“Bad interviews stick with candidates for a very long time. I work with many clients at all levels looking to change careers or advance. I have heard horror stories from several. A bad experience where a candidate feels like they were not treated with at least basic human decency can have ramifications on his or her psyche,” Guin said.

Simon* reported a situation from ten years ago, where he was pretty sure he was a placeholder candidate. The interviewers were going through the motions because they had to, and they didn’t care he knew it.

“I’ll never forget an interview I had for a position with a university. The hiring committee was a vice president who answered directly to the president of the university; the other two answered directly to her. When I arrived, I was asked to sit. From there, I watched for twenty minutes as the trio sat before me, finishing their lunches, laughing and gossiping.

“When the interview finally began, they each asked me a fairly benign question with no follow-ups and sent me away. I never received a letter or message stating I was rejected. I had to call several times to get an answer. I can tell you, had social media been an option at that time, I would have been sorely tempted to let the world know what unprofessional clowns they are.”

Flash forward to today: what if a job candidate is treated poorly in an interview and decides to take it to the Internet. Would it matter? Would that person merely look foolish–a case of sour grapes–or could it do damage to a brand if the world knew they kept job candidates waiting 90 minutes, or had them fill out their own rejection card, or treated them as something less than human?

Perhaps the mere fact that someone is looking for work precludes them from exacting revenge on social media, and employers know it. But is it worth the risk?

“Besides doing the decent thing, it ultimately pays dividends for a company’s image,” Greenwood said. “People may not be thrilled if they don’t get a job, but they will remember they were treated with respect in an interview.”

HR expert Guin has a final word for companies about examining their hiring practices.

“Much time has been spent on training and coaching applicants how to be respectful and land a good job, but many organizations are not showing applicants the same courtesy.  As a result, many applicants do not show back up for second interviews, will decline job offers, or will in general badmouth the firm that they had the encounter with.”

“All of this spells disaster to the company who was trying to fill a position,” she said. “And, if the applicant does end up taking the position, what kind of expectations has the company set regarding respectfulness and even time management in general? The whole thing just leaves a bad taste in the potential employee’s mouth. Not good.”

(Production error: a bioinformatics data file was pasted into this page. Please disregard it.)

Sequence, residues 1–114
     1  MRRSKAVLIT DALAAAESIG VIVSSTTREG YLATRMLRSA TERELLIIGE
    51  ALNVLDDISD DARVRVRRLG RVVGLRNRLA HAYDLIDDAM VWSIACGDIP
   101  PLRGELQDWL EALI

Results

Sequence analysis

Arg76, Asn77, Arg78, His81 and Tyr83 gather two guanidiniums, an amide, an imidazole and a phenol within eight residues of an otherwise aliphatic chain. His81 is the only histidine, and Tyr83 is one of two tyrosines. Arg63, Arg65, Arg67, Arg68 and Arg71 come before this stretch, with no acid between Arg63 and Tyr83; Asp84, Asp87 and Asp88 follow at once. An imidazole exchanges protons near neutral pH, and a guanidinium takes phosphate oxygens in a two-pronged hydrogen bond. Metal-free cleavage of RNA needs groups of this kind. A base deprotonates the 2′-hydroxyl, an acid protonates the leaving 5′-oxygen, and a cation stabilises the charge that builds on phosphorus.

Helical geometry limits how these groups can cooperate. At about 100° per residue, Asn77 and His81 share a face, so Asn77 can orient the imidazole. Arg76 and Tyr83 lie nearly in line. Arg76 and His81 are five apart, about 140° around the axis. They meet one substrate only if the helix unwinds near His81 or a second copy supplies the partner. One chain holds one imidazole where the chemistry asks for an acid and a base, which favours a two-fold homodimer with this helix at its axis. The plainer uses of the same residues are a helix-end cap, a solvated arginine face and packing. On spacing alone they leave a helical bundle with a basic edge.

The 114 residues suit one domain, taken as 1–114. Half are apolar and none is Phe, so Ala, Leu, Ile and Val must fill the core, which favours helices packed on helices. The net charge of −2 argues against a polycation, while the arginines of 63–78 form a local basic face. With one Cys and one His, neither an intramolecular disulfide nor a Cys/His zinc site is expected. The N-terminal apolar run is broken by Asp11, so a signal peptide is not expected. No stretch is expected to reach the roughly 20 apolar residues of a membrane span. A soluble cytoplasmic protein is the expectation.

Stephanie Guin’s Interview Tips for Hiring Managers

During an Interview:

  • Be on time!
  • Make sure your office is in order.
  • There should be no interruptions during an interview. Place your phone(s) on do not disturb or vibrate if possible
  • Smile. Help the candidate feel relaxed. (A relaxed candidate will provide more information than an intimidated one!)
  • Outline the interview.
  • Seek contrary evidence.
  • Keep an open mind.
  • Be attentive & listen.
  • Ask open-ended questions.
  • Share the essential functions of the job with the candidate.
  • Let the candidate do most of the talking. (80/ 20 Rule: They talk 80% of the time, you talk 20%.)
  • Observe body language.
  • Don’t be too quick to judge.
  • Probe incomplete answers.
  • Keep reactions to yourself.
  • Silence is OK. (Let the candidate formulate thoughtful answers.)
  • Determine the candidate’s interest.
  • Maintain control.(Don’t allow the candidate to digress or avoid questions.)
  • Do not tell the candidate too much about your needs until the end of the interview.
  • Remember to take good notes because you will forget 80% of what you learn in one hour.
  • Close the interview on a positive note.
  • Thank the candidate for his/ her time and explain how and when you will communicate with him/ her again.
  • Remember that every candidate may be a potential customer!

After the Interview:

  • Review notes.
  • Write additional notes as needed.

Please note: Names marked with an * have been changed to protect the anonymity of the commenter.